The Week in Numbers: bitcoin goes legit

From bitcoin's big day, to an aerial falling out, this is the Week in Numbers.

$30 in bitcoin is how much every citizen of El Salvador was offered this week. That as the country became the first to make the e-currency legal tender. The move sparked a tumble in bitcoin's value, and drew protests from those who think it's all too risky. But at least some Salvadorans were ready to give it a go:

"I've been using bitcoin for four years. I have had an increase in value. I can't say that I have had losses because when there's an increase in value I withdraw my money."

10.9 million was the record number of U.S. job openings in July. Economists say it points to a very tight labor market, with firms struggling to find the right person. A lingering reluctance to go back to the office may be one reason for the shortage of workers.

€60 billion, or about $71 billion, may be the new level of monthly stimulus from the ECB. Bank chief Christine Lagarde said on Thursday that she was set to trim economic support amid signs of a recovery. She wouldn't put a figure on the new spending, but Reuters sources say €60-70 billion is the plan.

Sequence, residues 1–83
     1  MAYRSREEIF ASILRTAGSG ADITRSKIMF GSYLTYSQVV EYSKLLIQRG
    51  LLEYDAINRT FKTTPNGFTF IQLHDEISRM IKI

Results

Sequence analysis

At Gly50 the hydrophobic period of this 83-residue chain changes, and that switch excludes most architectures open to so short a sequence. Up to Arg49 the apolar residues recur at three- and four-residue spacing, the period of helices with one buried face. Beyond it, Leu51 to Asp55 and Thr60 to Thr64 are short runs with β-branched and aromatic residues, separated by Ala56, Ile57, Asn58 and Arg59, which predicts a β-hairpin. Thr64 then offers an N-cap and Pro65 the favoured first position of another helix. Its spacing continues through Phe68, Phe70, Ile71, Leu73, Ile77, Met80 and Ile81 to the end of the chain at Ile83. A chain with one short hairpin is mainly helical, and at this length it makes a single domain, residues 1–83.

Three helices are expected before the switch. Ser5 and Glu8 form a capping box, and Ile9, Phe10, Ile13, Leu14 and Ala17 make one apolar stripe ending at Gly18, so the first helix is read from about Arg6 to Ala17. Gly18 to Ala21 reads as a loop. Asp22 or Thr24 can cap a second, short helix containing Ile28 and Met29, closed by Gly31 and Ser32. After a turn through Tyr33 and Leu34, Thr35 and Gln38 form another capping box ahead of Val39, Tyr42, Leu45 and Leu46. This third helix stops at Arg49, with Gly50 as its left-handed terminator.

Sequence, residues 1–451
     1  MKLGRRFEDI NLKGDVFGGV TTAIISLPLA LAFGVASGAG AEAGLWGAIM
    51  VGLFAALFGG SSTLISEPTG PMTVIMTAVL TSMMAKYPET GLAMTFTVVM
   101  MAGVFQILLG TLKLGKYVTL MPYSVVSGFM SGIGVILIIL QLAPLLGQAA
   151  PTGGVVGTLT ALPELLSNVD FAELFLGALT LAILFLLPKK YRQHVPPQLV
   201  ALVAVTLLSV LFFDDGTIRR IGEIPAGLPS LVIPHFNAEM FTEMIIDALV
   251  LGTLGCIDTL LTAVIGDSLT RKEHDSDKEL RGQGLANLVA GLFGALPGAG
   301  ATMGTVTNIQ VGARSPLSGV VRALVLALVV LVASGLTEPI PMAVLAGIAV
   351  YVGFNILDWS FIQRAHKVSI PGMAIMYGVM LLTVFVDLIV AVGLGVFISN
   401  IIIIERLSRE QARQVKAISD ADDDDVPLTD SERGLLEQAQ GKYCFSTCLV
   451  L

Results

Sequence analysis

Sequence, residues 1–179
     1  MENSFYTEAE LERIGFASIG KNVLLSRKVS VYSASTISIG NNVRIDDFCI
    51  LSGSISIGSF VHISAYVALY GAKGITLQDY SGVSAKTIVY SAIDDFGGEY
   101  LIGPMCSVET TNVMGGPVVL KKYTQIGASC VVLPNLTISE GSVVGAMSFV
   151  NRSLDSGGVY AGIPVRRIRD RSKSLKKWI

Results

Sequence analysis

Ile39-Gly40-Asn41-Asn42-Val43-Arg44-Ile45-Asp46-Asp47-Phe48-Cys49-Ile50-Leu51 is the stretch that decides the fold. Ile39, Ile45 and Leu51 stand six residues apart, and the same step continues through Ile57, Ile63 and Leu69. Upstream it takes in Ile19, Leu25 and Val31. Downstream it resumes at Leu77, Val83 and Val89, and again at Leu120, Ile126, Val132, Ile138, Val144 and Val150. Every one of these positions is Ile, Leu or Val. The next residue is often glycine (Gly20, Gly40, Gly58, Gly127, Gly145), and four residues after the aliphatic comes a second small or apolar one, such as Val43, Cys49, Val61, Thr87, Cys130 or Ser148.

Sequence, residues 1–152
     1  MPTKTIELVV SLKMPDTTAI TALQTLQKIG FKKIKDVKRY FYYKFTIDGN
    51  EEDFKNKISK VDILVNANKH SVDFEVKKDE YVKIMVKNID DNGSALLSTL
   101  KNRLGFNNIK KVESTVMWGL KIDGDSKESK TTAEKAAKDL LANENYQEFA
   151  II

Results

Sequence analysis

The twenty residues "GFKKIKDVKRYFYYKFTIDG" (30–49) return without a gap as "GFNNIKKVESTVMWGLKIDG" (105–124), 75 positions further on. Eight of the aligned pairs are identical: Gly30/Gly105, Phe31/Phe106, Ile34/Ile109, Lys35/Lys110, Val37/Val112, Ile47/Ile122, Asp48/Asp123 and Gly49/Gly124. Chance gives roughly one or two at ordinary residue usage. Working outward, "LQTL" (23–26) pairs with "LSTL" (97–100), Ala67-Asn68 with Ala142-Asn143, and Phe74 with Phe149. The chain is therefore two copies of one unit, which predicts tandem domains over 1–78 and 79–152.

$2 billion is the financial hit taken by Ford as it pulls out of India. The U.S. giant has made cars there for 25 years, but has won little market share, and now sees no road to profitability. It follows General Motors and Harley Davidson through the exit door.

And up to 10 years is how long Ryanair says it's ready to wait before placing another major order with Boeing. The planemaker seems to have fallen out with Europe's biggest budget airline over prices. Ryanair boss Michael O'Leary says he'll just wait for the next big global crisis to force Boeing into better deals.

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